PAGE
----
Annotations to The Four-Dimensional Human

My annotation to Scott’s first chapter of The Four-Dimensional Human is related to the following passage:

I turned back to see the tame, daytime guise of that narrow little passageway, so inconvenient and improvised. My mind retraced the journey back through the passage, into the office and out into the landing, where the locked door protected its secrets. I smiled at my idiocy, for it was suddenly clear that, all along, it had been me inside the forbidden room. 
The desk's disarray, my papers and his papers, the computer and the rows of books, even the white sky outside, became vivid with realisation. I had been chasing myself. During those evening hours I had been simultaneously inside and outside the room. In art instant, all of my theories about its contents fell in on themselves, and the blankness was imprinted with a sudden picture, a selfie before its time.

Prompts to the students: in 1917, Pirandello, a Sicilian writer also known for being a precursor of the later existentialist Theatre of the Absurd, wrote a short novel called “La Carriola” (which translates into the wheelbarrow) where he describes the life of a professor and attorney who suddenly starts to see himself from the outside, consequently acknowledging his own misery and unhappiness. The epiphany is the product of the realisation that his job and daily activities are simply masks that prevent him for living an authentic life. His conclusion is that his real self has changed so profoundly, and possibly irreversibly, purely as a consequence of being unconsciously molded by other people’s expectations and perceptions. What’s your view on this?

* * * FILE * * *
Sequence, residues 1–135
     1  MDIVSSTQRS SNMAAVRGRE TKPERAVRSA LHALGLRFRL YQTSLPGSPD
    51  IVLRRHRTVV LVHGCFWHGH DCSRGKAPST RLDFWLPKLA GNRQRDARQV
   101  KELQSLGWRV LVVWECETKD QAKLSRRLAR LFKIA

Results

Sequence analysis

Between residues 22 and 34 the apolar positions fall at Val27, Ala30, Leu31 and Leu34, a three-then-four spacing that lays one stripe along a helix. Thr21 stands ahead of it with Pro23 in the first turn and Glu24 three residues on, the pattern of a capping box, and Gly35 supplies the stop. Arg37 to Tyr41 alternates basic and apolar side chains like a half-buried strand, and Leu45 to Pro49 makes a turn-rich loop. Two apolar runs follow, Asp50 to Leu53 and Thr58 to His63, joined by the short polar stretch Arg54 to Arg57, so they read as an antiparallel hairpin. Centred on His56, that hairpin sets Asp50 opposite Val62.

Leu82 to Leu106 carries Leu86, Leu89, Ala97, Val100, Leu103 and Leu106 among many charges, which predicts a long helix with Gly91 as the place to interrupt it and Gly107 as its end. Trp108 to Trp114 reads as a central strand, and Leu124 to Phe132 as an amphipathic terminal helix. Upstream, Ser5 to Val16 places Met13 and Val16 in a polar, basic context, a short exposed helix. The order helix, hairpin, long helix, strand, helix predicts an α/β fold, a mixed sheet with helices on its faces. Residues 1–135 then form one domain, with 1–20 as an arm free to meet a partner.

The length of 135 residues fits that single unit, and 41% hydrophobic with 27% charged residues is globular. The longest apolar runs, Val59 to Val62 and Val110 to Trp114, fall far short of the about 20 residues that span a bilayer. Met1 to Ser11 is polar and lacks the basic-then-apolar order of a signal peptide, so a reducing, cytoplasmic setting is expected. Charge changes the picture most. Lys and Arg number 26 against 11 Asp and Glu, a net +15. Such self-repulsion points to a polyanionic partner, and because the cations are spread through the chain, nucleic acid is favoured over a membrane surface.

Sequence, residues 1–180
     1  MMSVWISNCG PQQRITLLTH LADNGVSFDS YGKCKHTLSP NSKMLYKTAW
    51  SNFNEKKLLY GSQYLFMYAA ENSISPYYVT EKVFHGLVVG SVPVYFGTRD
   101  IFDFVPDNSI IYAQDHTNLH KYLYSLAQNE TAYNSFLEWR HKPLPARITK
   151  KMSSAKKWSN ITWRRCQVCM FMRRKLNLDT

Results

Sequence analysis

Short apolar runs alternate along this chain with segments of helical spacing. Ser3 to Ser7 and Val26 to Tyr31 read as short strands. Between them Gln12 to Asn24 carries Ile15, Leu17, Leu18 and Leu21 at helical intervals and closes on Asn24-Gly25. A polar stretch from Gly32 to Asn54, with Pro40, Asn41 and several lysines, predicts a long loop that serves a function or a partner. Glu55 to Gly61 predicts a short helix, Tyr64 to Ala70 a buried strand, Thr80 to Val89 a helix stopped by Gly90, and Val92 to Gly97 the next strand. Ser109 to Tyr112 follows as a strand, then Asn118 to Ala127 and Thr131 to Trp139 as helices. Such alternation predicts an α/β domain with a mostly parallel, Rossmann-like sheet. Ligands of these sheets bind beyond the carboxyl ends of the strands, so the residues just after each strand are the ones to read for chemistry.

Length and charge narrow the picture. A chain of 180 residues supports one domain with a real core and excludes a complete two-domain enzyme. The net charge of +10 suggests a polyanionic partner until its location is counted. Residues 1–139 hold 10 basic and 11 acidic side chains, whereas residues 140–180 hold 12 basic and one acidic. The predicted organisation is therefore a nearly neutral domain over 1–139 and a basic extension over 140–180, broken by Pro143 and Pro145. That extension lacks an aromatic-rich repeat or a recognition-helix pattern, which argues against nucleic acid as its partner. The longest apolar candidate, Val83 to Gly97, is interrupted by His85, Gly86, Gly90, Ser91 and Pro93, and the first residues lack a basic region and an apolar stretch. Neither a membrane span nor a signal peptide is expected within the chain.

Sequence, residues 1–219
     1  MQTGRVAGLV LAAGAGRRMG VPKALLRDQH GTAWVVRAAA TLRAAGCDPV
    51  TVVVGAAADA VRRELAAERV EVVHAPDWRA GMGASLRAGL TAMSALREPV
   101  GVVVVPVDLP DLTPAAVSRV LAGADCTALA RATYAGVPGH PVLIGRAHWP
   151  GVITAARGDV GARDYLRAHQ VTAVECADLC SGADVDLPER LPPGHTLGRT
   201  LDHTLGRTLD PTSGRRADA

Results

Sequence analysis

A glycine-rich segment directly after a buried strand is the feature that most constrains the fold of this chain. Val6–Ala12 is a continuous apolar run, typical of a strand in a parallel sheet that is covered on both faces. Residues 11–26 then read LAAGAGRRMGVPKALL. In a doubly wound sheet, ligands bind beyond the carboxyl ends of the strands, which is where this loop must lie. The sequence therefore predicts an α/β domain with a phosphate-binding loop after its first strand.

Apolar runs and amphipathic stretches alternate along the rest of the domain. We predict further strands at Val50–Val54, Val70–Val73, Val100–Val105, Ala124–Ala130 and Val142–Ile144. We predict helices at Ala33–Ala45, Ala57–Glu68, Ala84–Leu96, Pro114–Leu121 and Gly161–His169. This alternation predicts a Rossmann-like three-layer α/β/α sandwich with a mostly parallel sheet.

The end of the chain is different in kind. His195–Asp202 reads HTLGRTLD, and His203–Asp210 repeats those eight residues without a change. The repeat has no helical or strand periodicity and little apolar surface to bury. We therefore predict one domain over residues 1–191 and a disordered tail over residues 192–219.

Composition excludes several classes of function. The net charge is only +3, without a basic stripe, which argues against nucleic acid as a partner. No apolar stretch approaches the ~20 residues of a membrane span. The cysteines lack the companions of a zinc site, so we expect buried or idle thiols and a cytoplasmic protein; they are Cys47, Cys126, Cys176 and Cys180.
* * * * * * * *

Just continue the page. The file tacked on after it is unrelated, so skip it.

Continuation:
Do you see a parallel between this century-old novel and Scott’s narration? If so, how can you extend it to the contemporary use of social media? Similarly, how can this awareness be a stimulus to an eyes-wide-open usage of digital tools? Would you say that Scott’s concerns around the fourth dimension somehow represent the acknowledgment of how media platforms constantly remind us of an increasing social pressure that stays with us even in the dark and solitude of our own private spaces?